CPA Rachel Daddesio recently discussed how making charitable contributions during the pandemic can affect your finances.
The COVID-19 pandemic has drastically affected the finances of individuals and businesses. These major changes have made Certified Public Accountants, like CPA Rachel Daddesio, some of the best resources for ensuring your finances are stable and understanding important tax information. Rachel Daddesio recently explained how charitable contributions, and the deductions individuals can make, have changed due to the coronavirus pandemic.
“Many citizens are unaware that the CARES Act, signed into law just a few months ago, made some major changes to the rules regarding cash contributions to public charities and individuals,” Rachel Daddesio said.
Rachel Daddesio explained that the Coronavirus Aid, Relief, and Economic Security (CARES) Act allows individuals who claim a standard deduction can write-off their donations up to a total of $300. Individuals who itemize charitable contributions on their tax returns were formerly limited to deducting cash donations up to 60 percent of their adjusted gross income. That limit is now 100 percent, due to the CARES Act.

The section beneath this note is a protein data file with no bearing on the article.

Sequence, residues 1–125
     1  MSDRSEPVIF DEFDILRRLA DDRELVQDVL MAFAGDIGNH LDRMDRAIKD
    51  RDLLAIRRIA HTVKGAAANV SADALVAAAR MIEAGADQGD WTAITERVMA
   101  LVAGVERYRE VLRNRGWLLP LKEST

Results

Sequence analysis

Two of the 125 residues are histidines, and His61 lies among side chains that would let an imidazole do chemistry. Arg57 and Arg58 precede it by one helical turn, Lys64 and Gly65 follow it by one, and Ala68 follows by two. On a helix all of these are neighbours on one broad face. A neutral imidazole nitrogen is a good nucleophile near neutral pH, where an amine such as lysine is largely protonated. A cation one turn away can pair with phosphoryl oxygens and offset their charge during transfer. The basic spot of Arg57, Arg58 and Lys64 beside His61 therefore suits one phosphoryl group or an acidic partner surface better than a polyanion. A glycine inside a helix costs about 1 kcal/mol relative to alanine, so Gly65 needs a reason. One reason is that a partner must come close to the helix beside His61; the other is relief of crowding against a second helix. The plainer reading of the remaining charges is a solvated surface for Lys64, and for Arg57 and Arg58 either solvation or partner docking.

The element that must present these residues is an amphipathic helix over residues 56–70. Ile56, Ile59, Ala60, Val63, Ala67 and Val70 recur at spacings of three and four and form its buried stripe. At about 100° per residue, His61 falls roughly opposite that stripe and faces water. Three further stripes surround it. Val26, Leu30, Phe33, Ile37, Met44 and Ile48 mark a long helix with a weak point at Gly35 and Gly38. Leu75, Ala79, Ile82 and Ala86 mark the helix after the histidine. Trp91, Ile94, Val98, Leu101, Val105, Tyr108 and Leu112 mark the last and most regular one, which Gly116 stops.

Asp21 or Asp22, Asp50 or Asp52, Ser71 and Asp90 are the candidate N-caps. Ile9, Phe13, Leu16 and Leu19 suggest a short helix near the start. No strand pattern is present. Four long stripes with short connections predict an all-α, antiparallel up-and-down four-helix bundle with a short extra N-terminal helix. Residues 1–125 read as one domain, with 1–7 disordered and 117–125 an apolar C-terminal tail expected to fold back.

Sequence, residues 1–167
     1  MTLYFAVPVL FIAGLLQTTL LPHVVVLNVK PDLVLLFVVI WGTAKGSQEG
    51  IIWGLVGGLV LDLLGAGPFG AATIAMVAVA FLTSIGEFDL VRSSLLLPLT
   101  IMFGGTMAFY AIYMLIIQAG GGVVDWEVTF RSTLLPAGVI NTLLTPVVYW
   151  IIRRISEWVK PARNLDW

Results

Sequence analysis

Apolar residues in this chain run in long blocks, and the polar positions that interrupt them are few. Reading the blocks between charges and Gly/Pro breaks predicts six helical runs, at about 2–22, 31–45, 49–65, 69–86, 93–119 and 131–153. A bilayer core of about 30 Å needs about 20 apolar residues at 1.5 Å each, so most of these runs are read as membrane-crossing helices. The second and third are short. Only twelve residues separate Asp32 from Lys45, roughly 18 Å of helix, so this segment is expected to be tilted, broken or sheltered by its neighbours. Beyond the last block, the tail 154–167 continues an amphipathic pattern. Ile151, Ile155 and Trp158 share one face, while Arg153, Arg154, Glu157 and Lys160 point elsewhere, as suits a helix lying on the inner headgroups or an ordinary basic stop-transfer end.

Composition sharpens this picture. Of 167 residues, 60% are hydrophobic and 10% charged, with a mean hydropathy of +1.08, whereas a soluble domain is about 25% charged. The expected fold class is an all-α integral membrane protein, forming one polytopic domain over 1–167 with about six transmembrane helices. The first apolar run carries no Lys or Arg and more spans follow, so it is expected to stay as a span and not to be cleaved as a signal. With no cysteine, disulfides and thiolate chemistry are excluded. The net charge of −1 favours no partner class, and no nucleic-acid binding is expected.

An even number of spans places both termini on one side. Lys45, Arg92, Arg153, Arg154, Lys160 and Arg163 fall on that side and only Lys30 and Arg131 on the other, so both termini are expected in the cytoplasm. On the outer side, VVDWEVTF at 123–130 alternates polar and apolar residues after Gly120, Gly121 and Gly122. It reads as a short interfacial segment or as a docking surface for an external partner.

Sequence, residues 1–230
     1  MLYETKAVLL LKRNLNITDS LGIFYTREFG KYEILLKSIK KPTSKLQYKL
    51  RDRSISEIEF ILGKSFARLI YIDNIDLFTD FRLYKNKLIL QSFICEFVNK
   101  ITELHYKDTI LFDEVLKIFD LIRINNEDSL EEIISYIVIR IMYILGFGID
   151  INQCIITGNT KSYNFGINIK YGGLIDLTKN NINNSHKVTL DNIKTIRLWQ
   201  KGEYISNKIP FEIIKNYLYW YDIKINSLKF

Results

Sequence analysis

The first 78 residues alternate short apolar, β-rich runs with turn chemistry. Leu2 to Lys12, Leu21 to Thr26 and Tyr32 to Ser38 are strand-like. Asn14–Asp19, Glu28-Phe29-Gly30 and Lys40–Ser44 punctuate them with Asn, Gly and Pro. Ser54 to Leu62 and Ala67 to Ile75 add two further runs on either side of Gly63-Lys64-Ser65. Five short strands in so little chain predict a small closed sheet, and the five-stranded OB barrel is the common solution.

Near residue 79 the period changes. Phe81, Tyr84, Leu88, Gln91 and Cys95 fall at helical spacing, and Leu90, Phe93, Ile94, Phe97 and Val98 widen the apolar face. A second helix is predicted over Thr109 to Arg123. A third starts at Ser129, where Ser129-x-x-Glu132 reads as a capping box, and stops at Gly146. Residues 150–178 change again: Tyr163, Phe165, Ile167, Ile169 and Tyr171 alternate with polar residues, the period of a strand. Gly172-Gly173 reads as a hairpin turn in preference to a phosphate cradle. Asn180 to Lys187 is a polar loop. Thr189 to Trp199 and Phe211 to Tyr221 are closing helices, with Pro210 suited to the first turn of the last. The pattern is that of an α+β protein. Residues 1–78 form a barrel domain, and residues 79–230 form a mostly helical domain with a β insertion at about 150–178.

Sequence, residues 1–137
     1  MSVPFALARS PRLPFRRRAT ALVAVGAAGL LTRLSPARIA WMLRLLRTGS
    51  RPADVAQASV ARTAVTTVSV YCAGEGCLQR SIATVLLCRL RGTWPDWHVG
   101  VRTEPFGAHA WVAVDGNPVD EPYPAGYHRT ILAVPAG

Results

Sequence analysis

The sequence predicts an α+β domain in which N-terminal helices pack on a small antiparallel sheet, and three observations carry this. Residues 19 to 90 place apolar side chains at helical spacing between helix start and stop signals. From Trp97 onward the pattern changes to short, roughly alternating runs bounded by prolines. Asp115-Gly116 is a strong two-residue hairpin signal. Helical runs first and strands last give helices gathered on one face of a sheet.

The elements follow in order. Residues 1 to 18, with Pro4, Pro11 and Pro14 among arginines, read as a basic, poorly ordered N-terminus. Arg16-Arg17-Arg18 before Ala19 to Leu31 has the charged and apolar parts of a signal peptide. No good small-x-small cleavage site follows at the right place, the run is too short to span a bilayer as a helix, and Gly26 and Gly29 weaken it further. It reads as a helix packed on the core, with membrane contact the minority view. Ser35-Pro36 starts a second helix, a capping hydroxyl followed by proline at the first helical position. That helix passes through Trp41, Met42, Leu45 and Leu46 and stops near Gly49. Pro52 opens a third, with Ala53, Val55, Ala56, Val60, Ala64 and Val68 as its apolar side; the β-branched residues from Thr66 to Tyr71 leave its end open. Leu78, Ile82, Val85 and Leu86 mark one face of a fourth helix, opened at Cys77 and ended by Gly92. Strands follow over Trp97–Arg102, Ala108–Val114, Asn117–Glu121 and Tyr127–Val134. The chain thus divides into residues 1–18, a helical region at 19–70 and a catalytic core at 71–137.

However, Rachel Daddesio explained this increase does not apply to donations to donor advised funds or private foundations. She added that the limit on deducting donations of food inventory has now been increased from 15 percent of net income to 25 percent of net income.
“The IRS has yet to inform the public how these changes will be implemented in terms of filing tax returns,” Rachel Daddesio said. “However, as CPAs, we will be among the first to know.”
Rachel Daddesio described donations to C corporations are now deductible up to 25 percent of taxable income as opposed to the former 10 percent. Another major benefit of the CARES Act is that contributions by individuals that exceed this year’s limitations can be used for up to five years. Rachel Daddesio added that charitable donations to individuals, no matter the circumstances, can not be deducted when filing tax returns.
“In the accounting industry, we are urging citizens to consult with qualified CPAs when submitting their income taxes for the year 2020,” Rachel Daddesio said. “There have been so many tax changes due to the coronavirus pandemic, and those who file on their own will likely be missing out on some major deductions and credits.”
The public can locate more information about new deductions for charitable contributions in the online IRS Publication 926. However, as Rachel Daddesio stated, this document does not include information about tax law changes for the year 2020. That information will have to be acquired from the IRS or a qualified CPA at a later date.